Whether or not you are new to the UAE, it helps to know as much about the culture and heritage of this constantly evolving country. Each Emirate has its own unique history and story that speaks to a progressive nation, intent on being the best at what it does. In this Know Your UAE, we explore aspects of the UAE’s rich culture and discover some of the traditions that have endured the test of time. The Sharjah Heritage Museum provides insight into the history of the UAE and its people through visual and auditory displays of the landscape, lifestyles, traditional knowledge, celebrations and more.
Due to the extensive amount of information that the museum covers, our feature on the museum will be done in a three part series.
The building that houses the Sharjah Heritage Museum was built around 1795 by the Al Qasimi family and is made mainly of coral, chandal wood, palm jus mortar and plaster. The house used to be known as Bait Saeed Al Taweel, which means ‘The House of Tall Saeed”. This is a reference to Saeed Bin Mohammad Al Shamsi who once lived there. Al Taweel is an informal name that referred to Saeed’s height. Bait Saeed Al Taweel was restored in the 1990s and opened as the Islamic Museum in 1996. Further restoration was done in 2010/2011 to the entire building due to damage caused by termites and moisture. This restoration process was part of the Heart of Sharjah restoration project.
Visitors are taken through a time capsule that shows how Emiratis, who occupied the different landscapes, lived. It also shows the differences in clothing, building materials and some traditional practices among these denizens. Three main landscapes are featured; desert, mountains and the coastal areas of the UAE.
Great importance was placed on traditional knowledge and skills because they were important to the development and survival of the early inhabitants of the UAE. Traditional knowledge and skills included; being able to identify the different types of winds for navigating safely at sea, observing the stars in order to calculate the days of the year and al tajfeer (tracking) which helped individuals to navigate the land to find animals and people. Traditional healers acted as doctors and midwives who cared for the population.
After a baby is born, it is washed with a mixture of hot water, salts and herbs. The father recites the call to prayer in the baby’s right ear and the iqamah (a saying recited before prayers begins) into its left ear. On the first or third day, the father chooses the baby’s name based on the names of family members, religious figures or the child’s characteristics. Singing, reading, protective verses (mu’awidhitayn) and feeding them a mixture of herbs are some of the techniques that were used to calm babies. Some people calmed their children by perfuming them with frankincense and khatf. In the past women gave their children water mixed with rock candy or water mixed with dates. Women also used baby milk bottles and formula milk powder to feed their young.
Also important is the aqeeqa and tahleeq. For the aqeeqa, two animals are slaughtered to commemorate a boy and one for a girl. Tahleeq is the ritual of shaving a baby’s hair. The weight of the baby’s hair is used to decide the amount of silver, gold or money that the family will donate to the poor.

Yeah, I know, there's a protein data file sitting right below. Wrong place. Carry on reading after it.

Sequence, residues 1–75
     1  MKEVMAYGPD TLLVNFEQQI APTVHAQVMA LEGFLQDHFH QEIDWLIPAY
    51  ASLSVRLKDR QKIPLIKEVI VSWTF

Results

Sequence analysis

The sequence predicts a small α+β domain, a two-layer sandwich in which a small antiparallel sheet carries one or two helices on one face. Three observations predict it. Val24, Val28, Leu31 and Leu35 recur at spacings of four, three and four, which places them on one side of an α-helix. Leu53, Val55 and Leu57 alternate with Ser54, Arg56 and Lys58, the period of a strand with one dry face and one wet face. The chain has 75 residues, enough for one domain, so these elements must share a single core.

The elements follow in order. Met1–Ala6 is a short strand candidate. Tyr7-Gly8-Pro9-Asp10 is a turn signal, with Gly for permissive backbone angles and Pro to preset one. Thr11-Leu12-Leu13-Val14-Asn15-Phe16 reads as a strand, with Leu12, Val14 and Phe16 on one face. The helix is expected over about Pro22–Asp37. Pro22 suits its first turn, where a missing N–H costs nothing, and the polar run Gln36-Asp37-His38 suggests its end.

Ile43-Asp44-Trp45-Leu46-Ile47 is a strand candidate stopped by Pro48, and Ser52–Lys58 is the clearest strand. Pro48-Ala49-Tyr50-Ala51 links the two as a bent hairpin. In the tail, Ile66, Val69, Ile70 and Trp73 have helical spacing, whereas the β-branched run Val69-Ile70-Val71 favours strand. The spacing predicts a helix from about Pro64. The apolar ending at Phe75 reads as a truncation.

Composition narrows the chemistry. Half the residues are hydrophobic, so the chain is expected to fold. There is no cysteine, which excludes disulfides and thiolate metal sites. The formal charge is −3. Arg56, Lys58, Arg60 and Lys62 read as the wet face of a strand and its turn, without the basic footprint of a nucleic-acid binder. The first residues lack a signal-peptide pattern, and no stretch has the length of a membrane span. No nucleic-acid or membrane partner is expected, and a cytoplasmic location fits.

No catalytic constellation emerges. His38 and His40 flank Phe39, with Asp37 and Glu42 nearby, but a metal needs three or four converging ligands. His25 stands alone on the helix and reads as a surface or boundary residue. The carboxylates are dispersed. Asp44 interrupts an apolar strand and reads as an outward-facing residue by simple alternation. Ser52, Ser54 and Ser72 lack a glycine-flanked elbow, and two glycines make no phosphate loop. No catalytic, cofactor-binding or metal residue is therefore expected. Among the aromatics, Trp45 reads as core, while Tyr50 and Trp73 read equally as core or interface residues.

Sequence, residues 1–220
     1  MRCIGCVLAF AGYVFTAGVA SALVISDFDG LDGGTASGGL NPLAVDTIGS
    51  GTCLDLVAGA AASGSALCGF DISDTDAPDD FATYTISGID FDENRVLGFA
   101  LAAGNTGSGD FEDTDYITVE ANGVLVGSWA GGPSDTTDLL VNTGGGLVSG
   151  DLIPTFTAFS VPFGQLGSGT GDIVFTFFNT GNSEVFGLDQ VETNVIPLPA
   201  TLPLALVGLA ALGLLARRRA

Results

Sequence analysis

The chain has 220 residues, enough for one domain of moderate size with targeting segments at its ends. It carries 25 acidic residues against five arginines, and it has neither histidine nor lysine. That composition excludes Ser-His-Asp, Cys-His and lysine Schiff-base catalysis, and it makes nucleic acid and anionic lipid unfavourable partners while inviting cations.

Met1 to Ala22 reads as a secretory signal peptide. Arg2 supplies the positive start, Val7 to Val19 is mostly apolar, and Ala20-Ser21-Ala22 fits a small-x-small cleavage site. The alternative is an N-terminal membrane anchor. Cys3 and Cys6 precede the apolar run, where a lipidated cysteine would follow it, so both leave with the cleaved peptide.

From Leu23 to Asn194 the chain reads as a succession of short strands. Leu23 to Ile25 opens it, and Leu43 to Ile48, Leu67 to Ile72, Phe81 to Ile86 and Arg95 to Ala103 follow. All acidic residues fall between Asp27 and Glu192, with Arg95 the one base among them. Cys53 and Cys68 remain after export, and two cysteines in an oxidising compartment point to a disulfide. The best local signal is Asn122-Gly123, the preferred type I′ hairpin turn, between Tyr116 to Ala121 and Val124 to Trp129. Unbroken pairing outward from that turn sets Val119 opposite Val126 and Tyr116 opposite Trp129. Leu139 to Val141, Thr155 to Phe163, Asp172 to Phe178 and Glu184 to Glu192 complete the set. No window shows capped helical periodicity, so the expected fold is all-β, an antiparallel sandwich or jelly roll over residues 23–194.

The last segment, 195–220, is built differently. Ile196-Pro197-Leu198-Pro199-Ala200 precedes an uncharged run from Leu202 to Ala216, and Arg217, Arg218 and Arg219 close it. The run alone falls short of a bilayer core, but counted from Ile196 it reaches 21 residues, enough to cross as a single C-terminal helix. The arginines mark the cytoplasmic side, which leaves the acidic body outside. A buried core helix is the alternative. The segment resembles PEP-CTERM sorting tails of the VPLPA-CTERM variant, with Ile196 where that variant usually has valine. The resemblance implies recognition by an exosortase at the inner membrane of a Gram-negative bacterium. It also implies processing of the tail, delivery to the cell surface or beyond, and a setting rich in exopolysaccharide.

Al Rolla Tree
This was a tree in Sharjah where people socialised. Al Rolla Square is located in the heart of Sharjah near Al Hisn. The square was home to an old large banyan tree where people regularly gathered during celebrations, holidays, horseracing and poetry recitals. The name rolla is derived from roal which is the name given to the tree’s fruit. The tree was said to have been about 15m tall with a 30m wide outstretched network of branches which, provided enough shade for more than 500 people to gather under. It is said that a former ruler of Sharjah, Sheikh Sultan bin Saqr bin Rashid Al Qasimi 1 (1803-1866), brought it to Sharjah. It is believed that the tree had lived for 150 years before dying in 1978. Rolla Square was built as a memorial to the tree.
Calendar or Al Drour
Arabs created an astronomical calendar called the drour for calculating the variations in the days of the year. It was used to estimate the weather and the seasons. These seasons were planting, harvesting, pearl diving and fishing seasons. The year is divided into 36 der; each der is equal to 10 days. The remaining 5 days are referred to as ‘al khams al masareeq’… the five stolen days. Counting begins in the month of August with the sighting of the Souhail star. From that point on the next 100 days would be autumn, the second 100 days would be winter. The next 100 days are spring and the remaining days are summer. Some people living in the northern emirates and north of the gulf observed winds blowing from the east to calculate their calendar. Their calendar was called nourouz, which means ‘a new day’ in Persian.
To experience a taste of Sharjah’s rich history and UAE traditions, please visit the Sharjah Heritage Museum located at Al Mareija, Sharjah, United Arab Emirates. They are opened Saturday to Thursday from 8:00am – 8:00pm and on Fridays from 4:00pm – 8:00pm. English speaking tour guides are available upon request but be sure to call +97165680006 to book an appointment and for additional information. You can also visit their website www.sharjahmuseums.ae for additional information.
Join us in the next issue for more on the Sharjah Heritage Museum and the culture of the UAE.
Photos courtesy of the Sharjah Heritage Museum.